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Long Island Welcomes International Beer Expo

Submitted by on November 19, 2009 – 9:38 AMNo Comment
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International Beer Festival

Click here to view pictures from the festival... (photos by Chris Romano)


Uniondale, NY – Over 50 breweries from more than 20 countries came together this weekend to showcase their finest microbrews, craft beers, and premium best-sellers at the International Great Beer Expo at the Nassau Veterans Memorial Coliseum.

Some of America’s best breweries stood up next to beers from Japan, Germany, Nicaragua, Canada, Indonesia, Trinidad, France, Belgium, Australia, India, Spain, Czech Republic, Mexico, Thailand, Poland, New Zealand, Italy, and China.

Despite the damp, rainy weather outside, Long Island’s own Nassau Coliseum managed to draw huge crowds to the second annual event of its kind with cask-ale demonstrations, a faux-German beer garden, and music provided by WBAB. A portion of the proceeds went to benefit the Cystic Fibrosis Foundation and the Terry Farrell Firefighters Fund.

Popular demand brought back the German Beer Hall to the center of the room, helping to feature some of Germany’s best breweries including Hofbrau, Konig, and others. German-style oversized pretzels and bratwurst were served in this Munich-inspired indoor beer hall.

All of Long Island’s major breweries were present at the expo in addition to all the national and international brewing companies. Arguably Long Island’s most notable local brewery, Blue Point Brewing Co. was also one of the most popular featured at the festival. Guests like Melanie Parker, Tom Hansen, and Kaylin Penny all happily pointed out that Blue Point Brewery was their number one beer at the Expo.

Throughout the course of the four-hour event, Blue Point held a constant crowd that rarely wavered. “Our Rastafar-Rye was definitely our most popular pour of the day,” Jim Richards of Blue Point Brewing Co., said.

Long Island and New York City’s locally brewed crafts held their ground to stand out as superior brews at the festival, even amidst the plethora of over 100 beers in the spotlight. Breweries like Southampton Brewing (who showcased their locally famous Pumpkin Ale), Long Ireland Beer Co., Hometown Beverages, John Harvard’s Brew House

and Brickhouse Brewery all displayed some of their finest and most popular brews for the occasion.

Fire Island Brewing Company used the event to get the word out about their new Red Wagon IPA, however the newest brew to the Fire Island name is almost too hoppy, and takes the bitterness a bit too far. On the other hand, Long Island’s newest brewery, Greenport harbor Brewing Co. did manage to successfully create a decent name for themselves with the aid of the Expo. John Liegy and Rich Vanderburgh, both founders of Greenport Harbor Brewing Co., attended the festival and proudly poured their own beers for the event.

Greenport’s Leaf Pile Pumpkin Ale and the company’s outstanding Black Duck Porter were the most recommended by the founders and were definitely popular choices of the drinkers in attendance. The Leaf Pile is a sweet pumpkin-flavored ale that does not need to rely on a sugar-rimmed glass for taste and the Black Duck Porter is a smooth, black and brown ale that is accompanied by the rich scents of strong coffee and buttery nuts.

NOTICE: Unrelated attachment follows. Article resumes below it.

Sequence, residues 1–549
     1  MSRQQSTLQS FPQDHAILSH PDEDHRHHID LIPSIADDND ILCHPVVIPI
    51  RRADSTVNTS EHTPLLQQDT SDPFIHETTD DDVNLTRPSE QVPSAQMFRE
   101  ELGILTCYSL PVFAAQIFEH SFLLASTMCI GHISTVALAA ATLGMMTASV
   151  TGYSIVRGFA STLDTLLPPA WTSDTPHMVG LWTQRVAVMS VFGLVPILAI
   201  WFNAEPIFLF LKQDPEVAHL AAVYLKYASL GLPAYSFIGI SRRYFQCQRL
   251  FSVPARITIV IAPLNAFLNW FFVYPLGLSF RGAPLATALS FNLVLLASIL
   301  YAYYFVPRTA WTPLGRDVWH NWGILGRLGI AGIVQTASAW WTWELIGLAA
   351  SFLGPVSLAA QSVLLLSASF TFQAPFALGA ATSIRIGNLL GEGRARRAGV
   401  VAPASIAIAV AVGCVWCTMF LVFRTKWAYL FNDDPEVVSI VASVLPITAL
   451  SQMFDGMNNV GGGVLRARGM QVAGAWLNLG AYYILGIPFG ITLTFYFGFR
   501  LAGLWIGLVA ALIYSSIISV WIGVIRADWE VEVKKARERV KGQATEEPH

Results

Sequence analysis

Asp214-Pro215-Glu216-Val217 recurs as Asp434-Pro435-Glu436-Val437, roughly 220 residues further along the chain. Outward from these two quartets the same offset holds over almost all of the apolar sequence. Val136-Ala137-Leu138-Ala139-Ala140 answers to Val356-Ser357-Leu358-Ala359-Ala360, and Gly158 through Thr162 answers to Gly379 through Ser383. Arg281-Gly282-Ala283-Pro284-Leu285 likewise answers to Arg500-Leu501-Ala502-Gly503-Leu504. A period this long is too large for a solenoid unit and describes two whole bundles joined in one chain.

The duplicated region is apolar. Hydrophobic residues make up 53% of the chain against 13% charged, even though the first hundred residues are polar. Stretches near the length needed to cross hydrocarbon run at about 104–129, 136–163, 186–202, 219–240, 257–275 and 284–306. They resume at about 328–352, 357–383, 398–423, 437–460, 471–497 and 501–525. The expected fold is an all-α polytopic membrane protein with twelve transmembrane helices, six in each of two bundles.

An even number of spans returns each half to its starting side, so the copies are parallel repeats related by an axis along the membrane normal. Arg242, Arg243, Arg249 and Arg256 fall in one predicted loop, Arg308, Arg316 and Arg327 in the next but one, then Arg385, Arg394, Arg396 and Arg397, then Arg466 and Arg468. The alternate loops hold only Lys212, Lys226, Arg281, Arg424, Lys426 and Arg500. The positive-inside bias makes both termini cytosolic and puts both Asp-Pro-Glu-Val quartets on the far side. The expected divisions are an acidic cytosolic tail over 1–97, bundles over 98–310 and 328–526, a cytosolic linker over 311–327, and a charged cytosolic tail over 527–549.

Of all the local breweries in attendance, certain beers really caught the attention of the masses. Some beer enthusiasts found a favorite in Harlem Brewing Company’s Sugarhill Golden Ale, a lighter-on-the-hops ale that tastes more sweet than bitter. “Because it’s Harlem, it’s a little sweeter,” said Dan Hertzberg, a Long Island native who now resides near Newark, NJ.

There were many traditional lagers and ales up for tasting at the event, such as Kingfisher Brewing Company’s Premium Lager, a beer proclaimed by Kingfisher area sales manager Vidher Kumar Mehra to be the “Budweiser of India.” However, some of the most stand-out tastes came from those who were not afraid to push the envelope on how a beer should taste.

Magic Hat Brewing Company featured its new limited edition American Sour Ale, the latest in the brewery’s whimsical line of Odd Notions. “It’s not for everyone,” John Marchetti of Magic Hat, said. “We don’t put a lot of emphasis on the Odd Notions, but we like to showcase that we can do them.” The American Sour is a brown ale with a strange greenish hue to the color that tastes as if someone had dissolved sour candy into the pint.

Eel River Brewing Co. of Fortuna, California showcased two of the brewery’s darker organic selections: Raven’s Eye Imperial Stout, a dark and smooth Russian stout with hints of caramel and the beautiful smell of roasted espresso; and the deep amber Triple Exultation. “The Raven’s Eye is definitely a fan favorite,” said John Kwamya of Eel River Brewing Co.

Legacy Brewing Co. also showcased a taste for the unusual with its new Hoptimus Prime Double IPA. The nine percent ABV and 92 IBU beer is the newest addition to Legacy’s repertoire of strong tasting beers such as Hedonism Red Ale and Euphoria Ale.

The most popular of the 100-plus beers of the International Great Beer Expo’s first session was Samuel Adam’s Cherry Wheat. Three out of five surveyed after the festival listed the cherry-flavored golden wheat beer as their favorite brew of the festival, although a very close runner-up was Blue Point Brewing Co.’s Rastafar-Rye.